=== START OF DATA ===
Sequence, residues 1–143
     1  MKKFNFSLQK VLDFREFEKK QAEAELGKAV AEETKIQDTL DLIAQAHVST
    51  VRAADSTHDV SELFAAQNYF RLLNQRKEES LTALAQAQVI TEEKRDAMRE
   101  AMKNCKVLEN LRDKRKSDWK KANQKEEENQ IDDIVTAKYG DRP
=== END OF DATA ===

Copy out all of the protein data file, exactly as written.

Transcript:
Sequence, residues 1–143
     1  MKKFNFSLQK VLDFREFEKK QAEAELGKAV AEETKIQDTL DLIAQAHVST
    51  VRAADSTHDV SELFAAQNYF RLLNQRKEES LTALAQAQVI TEEKRDAMRE
   101  AMKNCKVLEN LRDKRKSDWK KANQKEEENQ IDDIVTAKYG DRP